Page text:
Digital Public Defence: Jon Brynildsen
Cand.med Jon Brynildsen at Institute of Clinical Medicine will be defending the thesis “Biomarkers for risk prediction in cardiac surgical patients” for the degree of PhD (Philosophiae Doctor).
Digital Trial Lecture – time and place
- First opponent: Professor Karl-Henrik Grinnemo, University of Uppsala
- Second opponent: Professor Ola Hammarsten, University of Gothenburg
- Third member and chair of the evaluation committee: Professor Anne Negård, University of Oslo
Chair of the Defence
Associate Professor Ketil Hanssen-Bauer, University of Oslo
Researcher Helge Røsjø, University of Oslo
Cardiac troponin T (cTnT) and N-terminal pro-B-type natriuretic peptide (NT-proBNP) are established biomarkers for cardiomyocyte injury and stretch, respectively. Secretoneurin (SN) is a novel biomarker that has been found increased in patients with heart failure and in critically ill patients.
Patients being evaluated for or undergoing cardiac surgery are often severely ill, and not all patients will tolerate the strain of heart surgery. Thus, different risk stratification models have been developed to identify high-risk patients. The European System for Cardiac Operative Risk Evaluation (EuroSCORE) II is a well-established risk model and is used all over the world. Although EuroSCORE II uses a comprehensive set of clinical variables, circulating biomarkers are currently not implemented in cardiac surgical risk models.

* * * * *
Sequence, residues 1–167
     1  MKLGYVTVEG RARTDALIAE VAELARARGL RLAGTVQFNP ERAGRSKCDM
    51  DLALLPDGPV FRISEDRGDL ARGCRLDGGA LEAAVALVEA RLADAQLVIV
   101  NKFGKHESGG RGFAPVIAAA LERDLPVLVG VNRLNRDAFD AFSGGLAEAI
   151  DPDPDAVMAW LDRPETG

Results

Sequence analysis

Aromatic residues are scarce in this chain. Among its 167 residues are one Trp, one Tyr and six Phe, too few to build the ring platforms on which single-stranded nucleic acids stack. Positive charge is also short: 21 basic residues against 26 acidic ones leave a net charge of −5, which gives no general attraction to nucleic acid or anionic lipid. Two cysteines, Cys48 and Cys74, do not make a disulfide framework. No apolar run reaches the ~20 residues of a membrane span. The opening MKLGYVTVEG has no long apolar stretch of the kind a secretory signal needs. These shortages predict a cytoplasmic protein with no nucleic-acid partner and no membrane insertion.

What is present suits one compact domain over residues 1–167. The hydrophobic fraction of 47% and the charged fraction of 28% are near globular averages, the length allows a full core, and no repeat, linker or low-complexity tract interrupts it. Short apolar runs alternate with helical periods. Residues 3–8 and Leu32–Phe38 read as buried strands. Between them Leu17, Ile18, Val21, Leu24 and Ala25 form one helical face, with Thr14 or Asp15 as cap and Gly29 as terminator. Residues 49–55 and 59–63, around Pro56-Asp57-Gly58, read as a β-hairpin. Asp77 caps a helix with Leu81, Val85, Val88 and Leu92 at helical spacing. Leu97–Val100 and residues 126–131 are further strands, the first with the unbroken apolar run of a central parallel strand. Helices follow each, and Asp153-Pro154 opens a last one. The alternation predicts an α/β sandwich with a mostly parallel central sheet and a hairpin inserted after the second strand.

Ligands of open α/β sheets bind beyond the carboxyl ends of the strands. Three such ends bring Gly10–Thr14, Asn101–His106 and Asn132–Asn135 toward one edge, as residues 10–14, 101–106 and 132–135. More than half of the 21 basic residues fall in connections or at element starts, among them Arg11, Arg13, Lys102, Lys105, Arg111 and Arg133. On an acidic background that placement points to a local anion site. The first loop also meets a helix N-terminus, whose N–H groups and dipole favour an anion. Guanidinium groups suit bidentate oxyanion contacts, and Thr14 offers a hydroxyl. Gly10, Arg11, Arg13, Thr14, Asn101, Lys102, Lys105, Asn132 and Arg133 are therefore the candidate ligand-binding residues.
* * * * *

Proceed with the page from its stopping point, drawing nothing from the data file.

In his thesis “Biomarkers for risk prediction in cardiac surgical patients”, Jon Brynildsen and collaborators have investigated whether NT-proBNP, cTnT, and SN can improve and simplify risk assessment in cardiac surgical patients. The researchers show that both NT-proBNP and SN provide additional prognostic information to EuroSCORE II after cardiac surgery. A parsimonious risk model that includes NT-proBNP and three easily available clinical risk factors seems to provide similar or better risk assessment than EuroSCORE II, but this observation needs validation in additional cohorts.
The work of Brynildsen and colleagues demonstrates that established and novel cardiac biomarkers provide additional prognostic information to EuroSCORE II and permit simplified risk assessment in patients referred for or undergoing cardiac surgery.
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